Locavores of Middle-Earth

Over the wide solitude they passed and their elven-cloaks faded against the background of the grey-green fields; even in the cool sunlight of mid-day few but elvish eyes would have marked them, until they were close at hand. Often in their hearts they thanked the Lady of Lorien for the gift of lembas, for they could eat of it and find new strength even as they ran.

J.R.R. Tolkien was born on this day in 1892. One chapter in Noble Smith’s The Wisdom of the Shire is titled “Eat Like a Brandybuck, Drink Like a Took,” this a culinary life lesson based on the fact that Tolkien had his creatures “turn to food for comfort in nearly every situation” — lembas bread while on the road, “something hot out of the pot” with “taters and carrots” while at rest. The Hobbits’ first choice, reflects Smith, was something not only simple and homey but homegrown:

Is it possible to survive like this in our modern age? The answer is an emphatic “yes,” and people are doing it all over the world. It’s called being a locavore. Give it a try. See how much food you can discover to eat that’s produced within a hundred miles or so of where you live. Nowadays, the average food item on our grocery store shelves travels up to fifteen hundred miles before it gets there. That’s just about the distance from Hobbiton to Mount Doom.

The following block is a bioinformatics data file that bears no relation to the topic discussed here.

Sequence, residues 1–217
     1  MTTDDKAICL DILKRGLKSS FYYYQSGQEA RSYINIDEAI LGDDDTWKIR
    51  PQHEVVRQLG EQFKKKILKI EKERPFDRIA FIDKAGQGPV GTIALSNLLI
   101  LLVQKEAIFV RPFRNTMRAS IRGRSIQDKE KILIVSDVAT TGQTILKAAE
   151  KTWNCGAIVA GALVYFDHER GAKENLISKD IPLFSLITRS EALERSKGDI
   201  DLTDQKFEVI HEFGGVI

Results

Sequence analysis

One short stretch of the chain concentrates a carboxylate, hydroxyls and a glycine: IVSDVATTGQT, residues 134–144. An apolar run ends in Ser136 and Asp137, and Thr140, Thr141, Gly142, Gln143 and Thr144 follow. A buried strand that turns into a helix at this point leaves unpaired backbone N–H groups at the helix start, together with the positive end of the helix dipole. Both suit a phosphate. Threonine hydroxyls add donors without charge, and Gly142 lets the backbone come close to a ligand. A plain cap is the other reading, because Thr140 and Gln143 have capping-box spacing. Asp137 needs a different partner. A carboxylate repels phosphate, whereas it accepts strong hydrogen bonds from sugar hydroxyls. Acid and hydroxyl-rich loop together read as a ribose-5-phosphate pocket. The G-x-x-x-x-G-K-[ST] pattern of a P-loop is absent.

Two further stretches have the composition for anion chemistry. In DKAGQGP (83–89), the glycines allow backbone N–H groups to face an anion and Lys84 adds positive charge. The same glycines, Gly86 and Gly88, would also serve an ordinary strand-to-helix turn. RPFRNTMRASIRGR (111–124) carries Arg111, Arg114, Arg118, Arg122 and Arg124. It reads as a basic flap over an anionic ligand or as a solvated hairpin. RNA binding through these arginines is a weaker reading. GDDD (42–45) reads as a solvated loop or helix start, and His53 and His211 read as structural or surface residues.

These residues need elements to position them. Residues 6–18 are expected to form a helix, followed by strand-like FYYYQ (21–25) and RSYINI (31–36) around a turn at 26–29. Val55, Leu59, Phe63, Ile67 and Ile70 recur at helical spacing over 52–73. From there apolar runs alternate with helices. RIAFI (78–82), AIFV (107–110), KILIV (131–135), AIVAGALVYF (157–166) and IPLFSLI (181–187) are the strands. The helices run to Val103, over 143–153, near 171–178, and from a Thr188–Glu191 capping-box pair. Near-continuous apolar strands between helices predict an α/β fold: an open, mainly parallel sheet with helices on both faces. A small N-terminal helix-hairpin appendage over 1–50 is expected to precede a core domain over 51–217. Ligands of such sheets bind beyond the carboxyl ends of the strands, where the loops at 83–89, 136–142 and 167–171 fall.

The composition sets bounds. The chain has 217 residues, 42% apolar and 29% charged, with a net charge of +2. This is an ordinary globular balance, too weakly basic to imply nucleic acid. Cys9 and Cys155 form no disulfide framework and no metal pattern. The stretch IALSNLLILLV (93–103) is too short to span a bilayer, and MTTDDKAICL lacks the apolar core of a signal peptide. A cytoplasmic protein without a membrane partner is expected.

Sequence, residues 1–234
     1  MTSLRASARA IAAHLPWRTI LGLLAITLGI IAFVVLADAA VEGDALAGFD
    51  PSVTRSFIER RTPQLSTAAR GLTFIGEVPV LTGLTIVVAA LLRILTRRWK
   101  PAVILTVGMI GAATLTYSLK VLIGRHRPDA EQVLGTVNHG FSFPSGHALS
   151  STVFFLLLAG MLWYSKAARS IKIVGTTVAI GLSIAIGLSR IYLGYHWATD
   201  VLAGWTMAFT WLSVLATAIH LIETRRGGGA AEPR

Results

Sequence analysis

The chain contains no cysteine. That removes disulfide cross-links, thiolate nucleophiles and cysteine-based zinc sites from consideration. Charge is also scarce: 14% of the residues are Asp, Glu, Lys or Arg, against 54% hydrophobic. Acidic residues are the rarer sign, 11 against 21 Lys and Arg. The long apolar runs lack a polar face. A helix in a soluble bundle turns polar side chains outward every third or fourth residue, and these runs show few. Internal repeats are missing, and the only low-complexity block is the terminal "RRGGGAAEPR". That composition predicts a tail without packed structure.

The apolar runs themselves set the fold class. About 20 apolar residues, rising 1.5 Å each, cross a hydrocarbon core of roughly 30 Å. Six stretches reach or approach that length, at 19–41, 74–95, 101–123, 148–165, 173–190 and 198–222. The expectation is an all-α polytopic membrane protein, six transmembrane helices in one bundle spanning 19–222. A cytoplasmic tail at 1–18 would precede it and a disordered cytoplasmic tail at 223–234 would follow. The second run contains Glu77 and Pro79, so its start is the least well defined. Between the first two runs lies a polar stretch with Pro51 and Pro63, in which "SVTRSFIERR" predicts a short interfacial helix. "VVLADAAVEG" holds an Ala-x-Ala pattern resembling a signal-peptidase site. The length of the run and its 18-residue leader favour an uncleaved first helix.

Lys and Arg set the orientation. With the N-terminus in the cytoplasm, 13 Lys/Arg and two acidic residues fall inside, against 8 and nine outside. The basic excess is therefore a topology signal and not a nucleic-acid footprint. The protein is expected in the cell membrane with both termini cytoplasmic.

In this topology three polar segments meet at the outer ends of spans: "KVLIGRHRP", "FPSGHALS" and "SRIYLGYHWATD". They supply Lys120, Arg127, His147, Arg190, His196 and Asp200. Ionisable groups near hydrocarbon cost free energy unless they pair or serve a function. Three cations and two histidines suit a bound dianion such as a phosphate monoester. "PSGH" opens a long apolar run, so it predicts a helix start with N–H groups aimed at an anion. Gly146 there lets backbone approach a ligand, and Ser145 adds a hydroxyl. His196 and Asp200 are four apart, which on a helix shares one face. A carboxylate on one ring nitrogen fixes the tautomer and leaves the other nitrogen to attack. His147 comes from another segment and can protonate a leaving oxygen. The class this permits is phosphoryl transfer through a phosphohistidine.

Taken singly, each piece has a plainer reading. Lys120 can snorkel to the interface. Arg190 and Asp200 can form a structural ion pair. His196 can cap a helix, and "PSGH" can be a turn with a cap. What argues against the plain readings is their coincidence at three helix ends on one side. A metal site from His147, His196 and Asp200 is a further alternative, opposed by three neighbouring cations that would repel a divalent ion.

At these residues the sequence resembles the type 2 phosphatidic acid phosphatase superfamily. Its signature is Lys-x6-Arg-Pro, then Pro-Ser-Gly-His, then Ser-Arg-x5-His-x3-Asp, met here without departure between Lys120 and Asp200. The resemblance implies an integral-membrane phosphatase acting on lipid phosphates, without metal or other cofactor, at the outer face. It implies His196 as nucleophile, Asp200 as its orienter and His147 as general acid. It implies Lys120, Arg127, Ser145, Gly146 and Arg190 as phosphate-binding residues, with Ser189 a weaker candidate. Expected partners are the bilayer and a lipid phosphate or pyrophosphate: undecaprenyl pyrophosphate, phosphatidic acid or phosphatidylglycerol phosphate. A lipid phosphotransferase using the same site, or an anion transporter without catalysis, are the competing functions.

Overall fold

Daybook is contributed by Steve King, who teaches in the English Department of Memorial University in St. John’s, Newfoundland. His literary daybook began as a radio series syndicated nationally in Canada. He can be found online at todayinliterature.com.

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